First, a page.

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Ukrainian Lawyer Rushes to Client, Ends Up in Jail

Nikolishen sitting in a prison ward in November. Diagnosed with cancer, he was released on bail a month later. Efrem Lukatsky

KIEV, Ukraine — On a snowy January day in 2011, attorney Oleg Nikolishen headed to a police station in the Ukrainian capital to defend a client accused of car theft.

Instead, he ended up behind bars himself.

At the station, Nikolishen was arrested and charged with his client's alleged crime. He spent most of the next two years in jail awaiting trial. In December, he was released on bail for treatment of the cancer he had developed in custody. Nikolishen says his arrest was retaliation for his successful defense of clients in a country where prosecutors are used to getting their way.

The lawyer's plight has brought attention to a judicial system widely regarded as repressive and unfair. Judges are seen as routinely acting as an extension of the police and prosecutors, leading to a conviction rate of more than 95 percent.

Suspects can remain in jail for months or even years awaiting trial. Opinion polls show that nearly 70 percent of Ukrainians mistrust their country's courts and nearly 65 percent have no faith in the police and prosecutors.

Nearly 60 percent of the Ukrainian legal cases attract complaints of unfair and drawn-out trials. Ukraine accounts for the fourth-largest number of complaints to the European Court of Human Rights. Criticism of the legal system is one of the main impediments to Ukraine's attempts to form better ties with the West and, eventually, join the European Union.

Nikolishen, 31, is accused of participating in the theft of 11 high-end cars in Kiev as part of an organized group that includes his client and 10 other people.

Despite a law that allows only senior prosecutors to file charges against lawyers — a measure aimed at shielding attorneys from law enforcement pressure — the charges against Nikolishen were initially brought by a rank-and-file Kiev policeman and a low-level prosecutor.

Moreover, Nikolishen says, courts repeatedly refused to take into account his status as a lawyer because the document identifying him as one was confiscated during his arrest. Nikolishen says his clients are hardly saints, but he believes that everyone has the right to be defended by a lawyer and that he is being punished just for doing his job.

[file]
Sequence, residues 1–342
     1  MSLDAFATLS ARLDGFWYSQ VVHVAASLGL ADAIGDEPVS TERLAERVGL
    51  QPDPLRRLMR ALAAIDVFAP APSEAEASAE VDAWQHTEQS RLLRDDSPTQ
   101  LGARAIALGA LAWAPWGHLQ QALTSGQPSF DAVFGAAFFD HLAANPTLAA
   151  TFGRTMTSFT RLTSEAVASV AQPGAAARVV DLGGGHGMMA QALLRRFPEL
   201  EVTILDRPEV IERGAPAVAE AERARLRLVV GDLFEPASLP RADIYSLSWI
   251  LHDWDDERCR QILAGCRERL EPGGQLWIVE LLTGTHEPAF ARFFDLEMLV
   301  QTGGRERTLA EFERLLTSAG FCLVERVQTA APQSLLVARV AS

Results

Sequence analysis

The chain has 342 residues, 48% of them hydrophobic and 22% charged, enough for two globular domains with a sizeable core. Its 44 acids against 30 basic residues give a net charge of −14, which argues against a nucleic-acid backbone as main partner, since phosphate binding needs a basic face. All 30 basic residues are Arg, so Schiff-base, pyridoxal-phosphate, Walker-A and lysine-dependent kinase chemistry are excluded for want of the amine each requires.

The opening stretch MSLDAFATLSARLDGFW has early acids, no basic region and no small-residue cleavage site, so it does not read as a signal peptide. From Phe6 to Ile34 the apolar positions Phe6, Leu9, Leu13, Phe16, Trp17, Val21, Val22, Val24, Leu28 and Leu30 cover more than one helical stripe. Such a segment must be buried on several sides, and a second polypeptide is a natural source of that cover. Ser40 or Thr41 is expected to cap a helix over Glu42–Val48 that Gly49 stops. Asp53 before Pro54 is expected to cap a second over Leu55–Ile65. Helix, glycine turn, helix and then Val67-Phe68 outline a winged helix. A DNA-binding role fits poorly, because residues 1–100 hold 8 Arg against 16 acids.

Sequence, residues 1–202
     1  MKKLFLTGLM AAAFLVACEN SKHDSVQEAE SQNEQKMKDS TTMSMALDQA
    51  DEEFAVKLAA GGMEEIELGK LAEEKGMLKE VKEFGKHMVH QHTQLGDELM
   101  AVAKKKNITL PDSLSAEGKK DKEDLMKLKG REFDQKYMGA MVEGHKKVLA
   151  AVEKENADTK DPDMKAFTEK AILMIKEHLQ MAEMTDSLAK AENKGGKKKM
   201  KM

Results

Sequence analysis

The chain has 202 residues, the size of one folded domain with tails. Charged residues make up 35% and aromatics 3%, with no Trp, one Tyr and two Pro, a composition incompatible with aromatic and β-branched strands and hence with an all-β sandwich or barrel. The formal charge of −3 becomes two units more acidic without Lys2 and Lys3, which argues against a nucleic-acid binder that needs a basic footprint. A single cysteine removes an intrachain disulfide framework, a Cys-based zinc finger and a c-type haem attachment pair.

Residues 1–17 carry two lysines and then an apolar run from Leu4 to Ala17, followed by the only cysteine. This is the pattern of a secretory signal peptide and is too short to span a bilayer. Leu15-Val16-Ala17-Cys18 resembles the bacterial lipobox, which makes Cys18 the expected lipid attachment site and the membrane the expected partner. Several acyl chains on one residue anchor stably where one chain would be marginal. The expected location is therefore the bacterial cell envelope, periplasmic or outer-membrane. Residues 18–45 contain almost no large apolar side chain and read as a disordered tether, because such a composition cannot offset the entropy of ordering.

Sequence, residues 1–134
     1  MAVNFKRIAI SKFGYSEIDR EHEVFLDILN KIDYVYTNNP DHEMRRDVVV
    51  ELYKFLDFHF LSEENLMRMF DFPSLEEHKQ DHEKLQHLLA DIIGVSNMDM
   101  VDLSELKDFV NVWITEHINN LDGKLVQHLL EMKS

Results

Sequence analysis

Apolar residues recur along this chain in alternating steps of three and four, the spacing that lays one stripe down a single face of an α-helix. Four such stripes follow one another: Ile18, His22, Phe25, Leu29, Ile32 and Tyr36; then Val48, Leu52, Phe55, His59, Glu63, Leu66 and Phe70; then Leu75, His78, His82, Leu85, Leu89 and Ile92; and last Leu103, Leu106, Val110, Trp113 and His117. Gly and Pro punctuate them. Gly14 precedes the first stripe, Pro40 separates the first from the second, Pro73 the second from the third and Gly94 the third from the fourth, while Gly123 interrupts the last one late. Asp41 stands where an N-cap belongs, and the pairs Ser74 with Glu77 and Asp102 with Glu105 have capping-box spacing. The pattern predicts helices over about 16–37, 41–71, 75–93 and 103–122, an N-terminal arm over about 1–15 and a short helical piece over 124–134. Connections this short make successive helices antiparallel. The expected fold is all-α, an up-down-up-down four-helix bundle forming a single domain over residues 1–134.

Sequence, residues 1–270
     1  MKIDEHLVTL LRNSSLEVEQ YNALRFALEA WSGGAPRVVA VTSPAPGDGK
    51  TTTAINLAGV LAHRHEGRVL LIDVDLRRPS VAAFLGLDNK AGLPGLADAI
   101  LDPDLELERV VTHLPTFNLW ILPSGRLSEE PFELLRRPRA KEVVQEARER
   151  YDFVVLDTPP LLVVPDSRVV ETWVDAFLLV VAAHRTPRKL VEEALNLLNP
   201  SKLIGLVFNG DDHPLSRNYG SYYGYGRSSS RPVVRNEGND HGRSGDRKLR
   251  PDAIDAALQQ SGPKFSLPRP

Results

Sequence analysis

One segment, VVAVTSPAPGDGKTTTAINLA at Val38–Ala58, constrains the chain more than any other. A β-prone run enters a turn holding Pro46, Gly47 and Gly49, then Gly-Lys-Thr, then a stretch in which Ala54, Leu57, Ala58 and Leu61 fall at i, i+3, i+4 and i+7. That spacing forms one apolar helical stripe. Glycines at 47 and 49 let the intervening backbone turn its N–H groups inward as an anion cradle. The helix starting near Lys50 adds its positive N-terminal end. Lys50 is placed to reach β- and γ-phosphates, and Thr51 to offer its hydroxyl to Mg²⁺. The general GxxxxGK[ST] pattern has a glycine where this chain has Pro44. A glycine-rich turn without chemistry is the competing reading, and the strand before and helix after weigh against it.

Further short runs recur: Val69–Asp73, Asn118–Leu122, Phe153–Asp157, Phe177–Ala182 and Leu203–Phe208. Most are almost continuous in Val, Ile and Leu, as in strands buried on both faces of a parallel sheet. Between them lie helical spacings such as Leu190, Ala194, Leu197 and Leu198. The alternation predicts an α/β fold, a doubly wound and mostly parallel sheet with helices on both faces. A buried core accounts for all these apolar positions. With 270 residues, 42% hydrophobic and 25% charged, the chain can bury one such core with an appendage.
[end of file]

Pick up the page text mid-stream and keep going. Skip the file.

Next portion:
"People who defend other people and try to make sure that everything is done according to the law, they are not needed in this country," he said in an interview a few hours after his release in December.

The court's refusal to recognize Nikolishen's special status, critics say, is part of a broader pattern of judges rubber-stamping prosecutors' cases. Badly paid and poorly trained, judges are seen as reluctant to acquit defendants and release them from pretrial detention because prosecutors routinely file complaints and even legal actions against judges who rule against them.

"Judges are afraid to issue acquittals because if they do … they won't hold their jobs for much longer," said Ruslan Rozhenko, a retired Kiev judge who campaigns for legal reform.

The government says it realizes the problem. Last year, President Viktor Yanukovych called for a higher acquittal rate, and parliament adopted a new criminal code that seeks to boost the rights of the defense and curtail some of the prosecutors' powers in line with EU standards.

But legal experts say it will not succeed in reforming Ukraine's judicial system unless judges are made truly independent from the executive branch and paid more so that there's less of a temptation to take bribes, which are seen as rampant in the court system.

Nikolishen's lawyer, Ihor Ivanov, says the charges against his client stem solely from the testimony of other defendants in the case, which he says was obtained under torture.

Nikolishen, now undergoing treatment for stage-four lymphoma, says he has a firm alibi in at least three of the thefts he has been charged with. In one case, he was defending a client in court when the theft took place.

In addition, he says plainclothes police beat him and kicked him in the genitals for hours to try to force him to confess.

"They didn't succeed," he said. "I had nothing to confess."

Kiev police refused to comment on Nikolishen's allegations of torture or explain why they filed charges against a lawyer in violation of the law. The officer who initially charged Nikolishen has faced unspecified disciplinary measures, prosecutors said.

Prosecutor Yulia Dmytriyenko would say only that the evidence against Nikolishen includes testimony by witnesses and other defendants in the case.

"As for the motive — its presence or absence — you should ask the defendant," Dmytriyenko said. "I cannot make any assumptions about what the motives could have been for Nikolishen to take part in these crimes."

Alexis Anagnostakis, a human rights expert for the European Criminal Bar Association, condemned Nikolishen's treatment, saying it undermines respect for lawyers, a fundamental principle in any democratic society.

"Arbitrary prosecution, detention or conviction of a lawyer relating to his or her professional duties should not be tolerated in a European democratic society," Anagnostakis said.

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